Prisoner of Her Past
A Son's Memoir
Imprint: Northwestern University Press
224 Pages, 5.50 x 8.25 in, 20 b & w
- Published: September 2011
Until February 15, 2001, Howard Reich’s mother, Sonia, had managed to keep almost everything about her experience of the Holocaust from her son. That night, she packed some clothes and fled her house in Skokie, Illinois, convinced that someone was trying to kill her. This was the first indication that she was suffering from late-onset post traumatic stress disorder, a little-known condition that can emerge decades after the initial trauma. For Howard, it was also the opening of a window onto his mother’s past.
In Prisoner of Her Past, Howard Reich has written a moving memoir about growing up as the child of Holocaust survivors and finding refuge from silence and fear in the world of jazz. It is only when Sonia’s memories overwhelm her and Howard begins to piece together her story that he comes to understand how his parents’ lives shaped his own. The paperback edition includes an epilogue by the author that relates developments since the publication of the cloth edition.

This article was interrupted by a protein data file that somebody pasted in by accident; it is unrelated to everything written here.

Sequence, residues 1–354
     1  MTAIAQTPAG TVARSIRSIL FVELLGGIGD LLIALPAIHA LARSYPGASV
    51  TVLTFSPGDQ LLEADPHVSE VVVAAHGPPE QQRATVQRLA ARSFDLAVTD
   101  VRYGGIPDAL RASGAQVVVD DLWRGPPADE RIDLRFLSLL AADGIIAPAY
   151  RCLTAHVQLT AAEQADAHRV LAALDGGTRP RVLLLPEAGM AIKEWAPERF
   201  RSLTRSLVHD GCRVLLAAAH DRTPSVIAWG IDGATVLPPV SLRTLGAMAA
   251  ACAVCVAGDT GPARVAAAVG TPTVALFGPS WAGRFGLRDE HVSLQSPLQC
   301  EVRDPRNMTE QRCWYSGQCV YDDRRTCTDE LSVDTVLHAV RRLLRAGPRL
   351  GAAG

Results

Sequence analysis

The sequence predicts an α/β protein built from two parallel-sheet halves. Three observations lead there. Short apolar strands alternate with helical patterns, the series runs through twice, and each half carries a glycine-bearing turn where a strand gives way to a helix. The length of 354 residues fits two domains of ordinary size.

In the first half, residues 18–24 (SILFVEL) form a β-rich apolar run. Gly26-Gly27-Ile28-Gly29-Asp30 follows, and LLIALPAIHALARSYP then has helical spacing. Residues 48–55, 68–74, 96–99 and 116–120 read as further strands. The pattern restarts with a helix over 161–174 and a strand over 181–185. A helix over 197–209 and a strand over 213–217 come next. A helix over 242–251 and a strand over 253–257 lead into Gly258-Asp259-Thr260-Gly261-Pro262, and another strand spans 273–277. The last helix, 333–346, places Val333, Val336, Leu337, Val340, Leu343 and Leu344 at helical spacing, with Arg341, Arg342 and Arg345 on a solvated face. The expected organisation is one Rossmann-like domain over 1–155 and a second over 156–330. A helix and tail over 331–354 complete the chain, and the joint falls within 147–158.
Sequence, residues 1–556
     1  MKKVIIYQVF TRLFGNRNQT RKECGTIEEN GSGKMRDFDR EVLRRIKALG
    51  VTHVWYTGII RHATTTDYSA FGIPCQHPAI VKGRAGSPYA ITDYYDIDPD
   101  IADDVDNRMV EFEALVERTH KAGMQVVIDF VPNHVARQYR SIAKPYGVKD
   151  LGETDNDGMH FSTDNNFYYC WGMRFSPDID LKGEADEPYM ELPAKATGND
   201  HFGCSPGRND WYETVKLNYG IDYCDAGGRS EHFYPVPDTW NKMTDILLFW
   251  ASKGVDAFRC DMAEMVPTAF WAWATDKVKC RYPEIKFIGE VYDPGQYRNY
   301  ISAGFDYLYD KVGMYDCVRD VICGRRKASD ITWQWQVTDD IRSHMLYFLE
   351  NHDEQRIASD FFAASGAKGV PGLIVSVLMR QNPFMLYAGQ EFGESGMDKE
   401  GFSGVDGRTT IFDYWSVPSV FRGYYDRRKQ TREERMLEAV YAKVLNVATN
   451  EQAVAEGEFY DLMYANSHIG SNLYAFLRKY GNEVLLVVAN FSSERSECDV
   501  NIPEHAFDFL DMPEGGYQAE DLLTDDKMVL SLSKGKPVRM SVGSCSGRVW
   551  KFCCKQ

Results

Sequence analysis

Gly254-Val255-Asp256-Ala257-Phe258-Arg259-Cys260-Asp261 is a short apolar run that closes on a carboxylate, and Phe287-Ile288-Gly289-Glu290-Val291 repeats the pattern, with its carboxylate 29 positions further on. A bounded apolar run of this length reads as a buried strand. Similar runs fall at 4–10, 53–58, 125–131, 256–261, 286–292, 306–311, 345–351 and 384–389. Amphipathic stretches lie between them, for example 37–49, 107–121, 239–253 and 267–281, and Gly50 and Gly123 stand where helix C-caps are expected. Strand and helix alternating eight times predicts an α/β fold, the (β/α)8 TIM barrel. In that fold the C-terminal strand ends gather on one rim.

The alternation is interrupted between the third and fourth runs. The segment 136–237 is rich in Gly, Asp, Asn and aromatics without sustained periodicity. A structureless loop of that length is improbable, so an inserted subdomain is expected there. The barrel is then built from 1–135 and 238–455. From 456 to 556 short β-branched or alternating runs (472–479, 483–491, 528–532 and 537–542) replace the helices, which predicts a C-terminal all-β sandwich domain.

"[Reich's] book is a compelling and compassionate memoir, a moving story of a loving relationship between a mother and son." —Booklist
"All through her suffering, rage and terror, [Howard Reich's mother] kept things together for her husband and children as best she could. Now Reich can only do what a good son should do—honor his father and his mother, in the best and perhaps the only way possible." —Carolyn See, Washington Post
"A tender exploration of a family that reverses its silences. Delivered with precision and guided by emotion, the work avoids melancholy, instead presenting a breathtaking familial panorama that is studded with loss, pain, denial, and, ultimately, honor." —Utne Reader
"Memory runs deep, and it is real, and the mind is not capacious enough to heal itself from its own worst scars. The only thing left is to prevent the atrocity in the first place. Reich's book gives us yet another reason to mourn the tragedies we have set upon ourselves—and the tragedies we fail to prevent." —Beth Kephart, Chicago Tribune